Despite the improvements in the new rule, it still must be made more comprehensive and detailed.
Many of the articles in the regulation detail issues concerning asset assessment institutions and merger consultation.
It is stipulated that concerned parties shall base a deal's price on the results of assessment by relevant institutions; the two concerned parties can resort to domestically established institutions, which should abide by common international assessment practices.
The stakes or assets shall not be sold at a price significantly lower than the assessed price, which equals a stealthy transfer of assets overseas.
The merger consultants must have had good, relevant experience and good professional records over the past three years. They should be capable of investigating the overseas legal and financial documents of concerned companies.
Comprehensive as those articles are, it is hard to gauge whether asset assessment and merger consultation institutions are capable in accordance with those standards.
The relevant departments must further clarify those articles to make them more applicable.
It is interesting that the financial accounting firm servicing the controversial stake acquisition of Xugong Group is reportedly an unreachable bogus company based in a residential building.
Those who wish to steal State assets could easily control acquisitions though similarly farcical manoeuvres.
The rule must have detailed stipulations to prevent such irregularities.
Another problem is the "undue" due diligence investigation prior to acquisitions.
Some local governments, thanks to their enthusiasm for promoting political records, always try every possible means to force through mergers and acquisitions involving local enterprises. As a result, foreign companies are put in an advantageous position. Even if the deal is not made, they can possibly get knowledge of the commercial secrets of their Chinese counterparts through due diligence investigations.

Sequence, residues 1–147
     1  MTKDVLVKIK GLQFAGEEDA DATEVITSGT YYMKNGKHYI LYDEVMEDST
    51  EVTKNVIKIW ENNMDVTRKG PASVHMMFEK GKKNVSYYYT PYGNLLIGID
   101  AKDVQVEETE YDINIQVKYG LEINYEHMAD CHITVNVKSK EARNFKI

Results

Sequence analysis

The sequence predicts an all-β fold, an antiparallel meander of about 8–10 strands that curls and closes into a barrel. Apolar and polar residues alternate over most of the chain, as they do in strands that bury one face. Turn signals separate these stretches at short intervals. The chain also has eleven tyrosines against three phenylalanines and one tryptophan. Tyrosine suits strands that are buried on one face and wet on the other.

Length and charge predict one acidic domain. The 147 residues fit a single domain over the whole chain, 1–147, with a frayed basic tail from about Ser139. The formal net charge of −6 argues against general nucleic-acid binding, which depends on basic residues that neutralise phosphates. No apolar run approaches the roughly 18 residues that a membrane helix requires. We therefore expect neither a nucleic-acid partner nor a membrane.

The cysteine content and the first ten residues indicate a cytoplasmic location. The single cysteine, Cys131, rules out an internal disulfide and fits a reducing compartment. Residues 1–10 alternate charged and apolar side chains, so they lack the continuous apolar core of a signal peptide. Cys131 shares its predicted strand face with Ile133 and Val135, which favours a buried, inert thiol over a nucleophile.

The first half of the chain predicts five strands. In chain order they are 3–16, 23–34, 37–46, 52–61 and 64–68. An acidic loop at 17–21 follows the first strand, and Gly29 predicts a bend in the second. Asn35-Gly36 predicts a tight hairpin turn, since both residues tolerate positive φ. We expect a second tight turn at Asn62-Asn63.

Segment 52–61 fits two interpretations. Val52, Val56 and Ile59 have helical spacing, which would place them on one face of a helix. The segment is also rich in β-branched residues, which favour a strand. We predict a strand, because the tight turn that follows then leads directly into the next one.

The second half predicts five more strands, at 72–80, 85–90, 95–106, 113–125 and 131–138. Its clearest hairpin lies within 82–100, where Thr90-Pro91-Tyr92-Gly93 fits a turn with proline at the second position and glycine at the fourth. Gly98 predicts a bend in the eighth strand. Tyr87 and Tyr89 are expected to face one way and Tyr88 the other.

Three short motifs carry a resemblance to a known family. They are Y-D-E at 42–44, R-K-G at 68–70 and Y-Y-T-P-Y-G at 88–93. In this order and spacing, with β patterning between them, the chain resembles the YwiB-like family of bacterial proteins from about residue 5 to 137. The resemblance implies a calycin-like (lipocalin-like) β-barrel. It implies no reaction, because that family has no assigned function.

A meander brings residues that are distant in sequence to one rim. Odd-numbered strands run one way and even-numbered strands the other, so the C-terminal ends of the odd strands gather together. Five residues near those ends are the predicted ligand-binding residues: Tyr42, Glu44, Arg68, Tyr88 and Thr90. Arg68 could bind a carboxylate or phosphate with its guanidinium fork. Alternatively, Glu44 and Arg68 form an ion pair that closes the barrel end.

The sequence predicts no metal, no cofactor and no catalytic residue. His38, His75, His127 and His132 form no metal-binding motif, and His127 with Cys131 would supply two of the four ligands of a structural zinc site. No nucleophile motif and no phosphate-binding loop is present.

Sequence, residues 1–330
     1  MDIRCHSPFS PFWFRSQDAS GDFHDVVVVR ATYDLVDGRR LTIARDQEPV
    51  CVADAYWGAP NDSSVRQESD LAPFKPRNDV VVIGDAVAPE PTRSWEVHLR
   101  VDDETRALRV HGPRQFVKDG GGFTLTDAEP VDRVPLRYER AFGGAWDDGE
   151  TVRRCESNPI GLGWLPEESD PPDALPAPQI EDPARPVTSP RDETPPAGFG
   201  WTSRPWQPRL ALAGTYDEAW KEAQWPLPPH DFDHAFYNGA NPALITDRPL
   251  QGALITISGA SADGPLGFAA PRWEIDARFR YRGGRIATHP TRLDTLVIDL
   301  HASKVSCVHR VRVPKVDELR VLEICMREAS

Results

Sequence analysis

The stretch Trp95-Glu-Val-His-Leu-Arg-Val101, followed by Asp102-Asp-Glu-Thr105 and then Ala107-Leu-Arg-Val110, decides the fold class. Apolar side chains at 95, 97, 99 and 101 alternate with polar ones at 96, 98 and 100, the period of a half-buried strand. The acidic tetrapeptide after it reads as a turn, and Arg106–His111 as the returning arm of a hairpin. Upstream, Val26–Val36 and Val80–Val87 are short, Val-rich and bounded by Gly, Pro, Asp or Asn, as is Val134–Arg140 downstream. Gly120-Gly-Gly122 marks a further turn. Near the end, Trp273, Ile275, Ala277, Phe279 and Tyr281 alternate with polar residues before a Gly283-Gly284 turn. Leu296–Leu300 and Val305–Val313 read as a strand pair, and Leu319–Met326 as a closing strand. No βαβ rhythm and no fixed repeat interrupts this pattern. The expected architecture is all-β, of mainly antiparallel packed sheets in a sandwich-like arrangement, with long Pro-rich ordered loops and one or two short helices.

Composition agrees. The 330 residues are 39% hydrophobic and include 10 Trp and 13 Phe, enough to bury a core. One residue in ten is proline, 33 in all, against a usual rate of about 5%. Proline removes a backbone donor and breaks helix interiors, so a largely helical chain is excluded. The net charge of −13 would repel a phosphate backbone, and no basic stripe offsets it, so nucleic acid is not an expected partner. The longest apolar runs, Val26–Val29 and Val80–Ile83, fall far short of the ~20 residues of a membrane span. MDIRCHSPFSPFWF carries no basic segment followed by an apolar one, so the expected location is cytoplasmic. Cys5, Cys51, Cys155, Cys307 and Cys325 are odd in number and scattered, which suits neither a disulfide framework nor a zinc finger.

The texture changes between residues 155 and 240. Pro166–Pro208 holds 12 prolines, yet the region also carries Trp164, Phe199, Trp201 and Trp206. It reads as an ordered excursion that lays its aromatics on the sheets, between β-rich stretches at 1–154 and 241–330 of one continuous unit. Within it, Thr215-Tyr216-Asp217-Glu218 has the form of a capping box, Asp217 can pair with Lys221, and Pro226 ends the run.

The relevant departments should devise rules to protect the interests of Chinese firms by preventing this from happening.
Foreign investor-related mergers and acquisitions have aroused many controversies primarily because many serious problems have been exposed. For example, quite a few acquisitions have seen the senior managers of domestic companies illegally use their power to grab benefits and sacrifice corporate interest.
We are justified in believing that those managers are unqualified to assume their position. More seriously, the new rule does not cover such topics.
It will not be long before the rule is formally established. We hope the existing articles of the regulation can be carried out strictly, and other necessary articles should be added to make the rule more workable in ensuring an orderly corporate property rights market.
The author Mei Xinyu is a researcher with the Chinese Academy of International Trade and Economic Co-operation attached to the Ministry of Commerce.